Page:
(Hauppauge, NY, March 1, 2012) – Seeking to break the grip of opiate drug addiction among a growing number of Suffolk County residents, Suffolk County Executive Steve Bellone and Commissioner of Health Services James Tomarken, MD, MPH, MBA, MSW, have unveiled an initiative to arm prescribers with evidence-based material to serve as a reference and guide when prescribing pain management therapy.
“Prescription drug abuse is a public health crisis that must be tackled from multiple levels,” said Bellone. “By engaging the medical community on reducing opioid prescriptions, we will reduce the burden on the law enforcement community.”
The manuscript entitled “Preventing Misuse of Prescription Opioid Drugs” will be disseminated to 8,800 doctors, dentists, physician assistants and nurse practitioners who prescribe medication in Suffolk County.
The document, amended from an article published in City Health Information in 2011 for use in Suffolk County, outlines the problem of opioid misuse. It provides information on specific drugs that were named in the cause of death in Suffolk County from 2004 through 2011 and outlines the health risks associated with prescription opioids. Prescribers will find useful information on non-opioid approaches to managing pain, an Opioid Risk Tool, considerations for dosing and monitoring, suggestions on communicating with patients about pain medications, tips for recognizing signs of prescription drug misuse, and resources for assessment, monitoring and treatment.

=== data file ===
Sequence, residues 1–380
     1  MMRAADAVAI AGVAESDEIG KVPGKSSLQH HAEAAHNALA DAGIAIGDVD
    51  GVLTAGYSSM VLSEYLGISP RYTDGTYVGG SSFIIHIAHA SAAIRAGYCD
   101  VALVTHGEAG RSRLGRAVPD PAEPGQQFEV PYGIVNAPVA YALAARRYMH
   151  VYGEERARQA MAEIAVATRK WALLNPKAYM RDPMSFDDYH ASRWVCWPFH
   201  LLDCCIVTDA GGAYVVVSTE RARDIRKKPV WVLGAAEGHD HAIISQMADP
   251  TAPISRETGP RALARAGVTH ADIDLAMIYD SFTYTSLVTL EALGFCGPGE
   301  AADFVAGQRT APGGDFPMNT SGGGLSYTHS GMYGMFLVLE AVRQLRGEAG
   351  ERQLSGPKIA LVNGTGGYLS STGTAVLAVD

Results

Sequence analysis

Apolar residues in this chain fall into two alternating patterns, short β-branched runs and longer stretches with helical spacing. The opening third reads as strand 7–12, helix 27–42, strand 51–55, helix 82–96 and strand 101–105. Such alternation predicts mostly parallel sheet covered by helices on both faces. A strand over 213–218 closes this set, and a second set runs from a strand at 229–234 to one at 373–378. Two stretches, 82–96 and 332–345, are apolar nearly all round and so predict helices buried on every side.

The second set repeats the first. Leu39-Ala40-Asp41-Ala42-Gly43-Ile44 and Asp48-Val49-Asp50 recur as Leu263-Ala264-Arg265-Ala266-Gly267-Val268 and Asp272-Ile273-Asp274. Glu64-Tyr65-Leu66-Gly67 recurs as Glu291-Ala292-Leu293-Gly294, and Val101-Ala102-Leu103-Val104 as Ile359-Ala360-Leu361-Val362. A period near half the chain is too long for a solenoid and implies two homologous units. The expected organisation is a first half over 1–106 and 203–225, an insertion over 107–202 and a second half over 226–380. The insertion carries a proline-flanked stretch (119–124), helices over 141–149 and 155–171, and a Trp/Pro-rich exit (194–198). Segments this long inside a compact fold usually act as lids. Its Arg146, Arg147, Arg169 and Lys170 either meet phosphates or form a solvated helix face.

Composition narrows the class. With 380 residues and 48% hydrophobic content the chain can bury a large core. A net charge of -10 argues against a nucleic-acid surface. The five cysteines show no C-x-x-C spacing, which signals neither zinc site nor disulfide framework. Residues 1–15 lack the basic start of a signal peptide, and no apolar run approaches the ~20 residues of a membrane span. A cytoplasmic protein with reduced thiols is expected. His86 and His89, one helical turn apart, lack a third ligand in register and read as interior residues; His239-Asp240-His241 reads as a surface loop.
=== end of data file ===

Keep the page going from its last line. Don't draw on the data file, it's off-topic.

This initiative follows pharmacy robberies and deadly shootings by opioid-addicted criminals last year on Long Island. The rise in opioid-related crime puts prescribers under greater pressure from law enforcement, leaving many concerned that they will be legally accountable if they fail to identify potential drug abusers who later commit a crime.
“The health problems associated with opioid drugs have been evident in Suffolk County where increases in medical emergencies, overdose deaths, and drug-related crimes have heightened concern,” said Commissioner James Tomarken.
The Suffolk County Department of Health will provide additional resources to prescribers. The Department of Health Services’ Division of Community Mental Hygiene Services has made a senior staff member available to prescribers for consultation and referral each business day from 9:00 a.m. to 5:00 p.m.
Provider education is one component of Bellone’s multifaceted approach in combating the misuse of opioid medications in Suffolk County. In an associated effort, the Department of Health Services is coordinating with New York State in promoting the SBIRT (Screening, Brief Intervention, Referral and Treatment) initiative to emergency and primary health care providers. The Suffolk County Police Department has also been working on enhanced programs to protect pharmacies, help people safely dispose of prescription drugs and spot signs of abuse.
“I would like to commend Suffolk County Department of Health for this initiative,” said Patrick O’Shaughnessy, Chief Medical Officer at St. Catherine of Siena Medical Center in Smithtown and member of Suffolk County’s Heroin and Opiate Advisory Panel. “As physicians, we need to do our part to continue to manage pain effectively, yet be cognizant of the high potential for addiction with these medications. As a result of this work, we will take these recommendations out to our medical leaders, as well as front line clinicians, in the hopes of providing alternative pain management options and services.”
Along with offering counsel to providers, Suffolk County provides education about the dangers of opioid misuse to our youth through the HealthSmart Program and also encourages residents to take advantage of “Operation Medicine Cabinet,” which allows them to drop off any unused medications at their local police precincts.